Exercise & Sleep – Are They Connected?

Exercise & Sleep – Are They Connected?

If the TV is your favourite machine at the gym, you are not alone!  In fact, the Peloton bike’s shiny colour touch screen is a large part of its attraction.  But, just as Peloton’s star has faded, exercising regularly can lose its initial momentum.  We usually have the best of intentions when starting a new exercise regimen, but our motivation can falter when we do not see the impact of our efforts immediately.  Sleep could be the answer to both keep the motivation going and to improved health, as it has a symbiotic relationship with exercise.


No matter what the trigger was for you to start exercising, sticking to a regular exercise program is hard. Whether you exercise to build strength, lose weight, or rehabilitate from an injury, the process can be long.  But there is one benefit of exercise that will not take months for you to see the effects: better sleep.  Working out is great for your body and mind – and can boost your ability to get a good sleep the very same night.  Read on to learn what exercise to perform - and when in the day - to optimize your sleep quality.




Researchers have been investigating the relationship between sleep and exercise for years.  Numerous studies have found that moderate-to-vigorous exercise – like walking, swimming, yoga, etc. - can improve sleep quality in many people by reducing the time it takes to fall asleep and decreasing the number of sleep interruptions they experience during the night.  Additionally, physical activity can help alleviate daytime sleepiness and, for some people, reduce the need for sleep medications.  And, since regular exercise can prevent excessive weight gain, people suffering from sleep apnea (OSA) often find their symptoms reduced.


Furthermore, a recent study found that taking up strength training in old age provides health benefits above and beyond simply doing cardiovascular exercise.  A study published in the British Journal of Sports Medicine said that lifting weights helped preserve muscle mass which reduces the risk of age-related illnesses and frailty, boosting sleep quality.


The research is affirmed in a 2013 poll by the National Sleep Foundation, where approximately 79% of respondents who engaged in some form of exercise reported very good to fairly good sleep.  This was 25% higher than those that did not exercise.  The combination of cardiovascular exercise, strength training and stretching helps promote better sleep.  In addition, these activities are often performed in social environments, providing not only benefits to your physical health, but also your mental health.




In fact, mental health plays a vital role in our sleep quality.   How many times have you struggled to fall asleep at night with you mind racing with a worry, or woken up in the middle of the night, stressed about an issue?  Experts agree that mental exercise in combination with physical exercise is just as important for the body’s health.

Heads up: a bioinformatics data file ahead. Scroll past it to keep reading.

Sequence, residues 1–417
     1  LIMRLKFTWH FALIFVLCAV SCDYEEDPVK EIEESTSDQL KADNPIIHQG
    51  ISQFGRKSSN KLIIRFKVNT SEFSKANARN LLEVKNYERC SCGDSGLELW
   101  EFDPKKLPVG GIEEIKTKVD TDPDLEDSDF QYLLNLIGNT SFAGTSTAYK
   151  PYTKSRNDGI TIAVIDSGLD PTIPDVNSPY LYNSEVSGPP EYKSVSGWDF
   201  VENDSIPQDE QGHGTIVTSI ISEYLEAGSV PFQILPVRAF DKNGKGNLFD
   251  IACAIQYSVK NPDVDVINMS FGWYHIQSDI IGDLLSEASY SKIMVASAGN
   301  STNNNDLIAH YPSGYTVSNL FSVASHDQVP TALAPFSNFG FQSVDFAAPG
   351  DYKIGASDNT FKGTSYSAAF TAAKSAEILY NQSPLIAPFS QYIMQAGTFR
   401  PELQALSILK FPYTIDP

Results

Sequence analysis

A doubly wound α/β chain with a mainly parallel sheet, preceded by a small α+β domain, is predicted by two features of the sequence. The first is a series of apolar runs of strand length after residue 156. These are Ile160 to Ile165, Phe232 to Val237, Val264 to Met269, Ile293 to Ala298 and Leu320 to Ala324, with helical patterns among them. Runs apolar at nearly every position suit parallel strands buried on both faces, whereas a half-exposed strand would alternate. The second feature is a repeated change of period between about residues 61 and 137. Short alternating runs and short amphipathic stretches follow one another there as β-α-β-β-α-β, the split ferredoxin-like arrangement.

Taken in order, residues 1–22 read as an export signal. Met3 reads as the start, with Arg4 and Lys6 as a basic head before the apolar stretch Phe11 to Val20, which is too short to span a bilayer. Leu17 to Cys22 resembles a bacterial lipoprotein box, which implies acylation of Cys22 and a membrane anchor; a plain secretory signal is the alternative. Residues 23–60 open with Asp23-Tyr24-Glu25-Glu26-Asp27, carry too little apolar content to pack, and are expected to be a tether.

Meditation or controlled breathing are two popular exercises that can provide a calming transition before bedtime.  Meditation helps to clear your mind of distracting thoughts. Similarly, controlled breathing uses your mind to consciously monitor how you inhale and exhale, which slows your heart and relaxes your body.  Studies have found that these mental exercises can release relaxing hormones, reducing cortisol, and increasing natural melatonin levels to help with more restful sleep. 




 As we know, physical exercise elevates heart rate, and is often linked with increased energy, not sleepiness.  So, it begs the question: when is the right time to exercise for optimal sleep?


Exercise causes the body to release endorphins, adrenaline and raises your core body temperature. Together, these changes signal your body clock that its time to be awake.  The additional jolt of vigour is the reason why many people enjoy exercising in the morning.


However, many find that exercising in the afternoon provides the best quality sleep, as the decline in endorphins, adrenaline, heart rate and body temperature a few hours later helps to facilitate sleep.  Certainly, experts suggest avoiding vigorous exercise within an hour of bedtime.


For working parents or busy caregivers, timing is often not a choice: early mornings are sometimes the only times one can fit in some exercise, often at the sacrifice of sleep.  If exercising will cut into your sleep duration, fret not as you can still maintain your sleep quality by raising the levels of the other sleep factors beside length.


Charlene Gamaldo, M.D. , medical director of Johns Hopkins Center for Sleep at Howard County General Hospital says that moderate aerobic exercise increases the amount of slow wave sleep you get. Slow wave sleep refers to deep sleep, where the brain and body have a chance to rejuvenate.  And, exercising can improve your Start factor: how quickly you can fall asleep when you first close your eyes.




In the end, sleep and exercise are intricately connected to one another.  Exercise is important for better quality sleep.  And, sleep is important for healthier workouts, reducing the risk of injury and allowing muscles to recover from exercise.


Patients often ask how much physical exercise they need for better sleep.  According to experts like Dr. Gamaldo, people who engage in at least 30 minutes of moderate aerobic exercise may see a difference in sleep quality.  The most important take away is that carving out a little time for both physical and mental exercise can have a symbiotic benefit, improving the quality of both your sleep and exercise.


Do you know how your sleep is impacting your overall health? Do you know which steps you need to take to improve it? To learn more about improving your sleep quality, contact the friendly sleep experts at Ultramatic.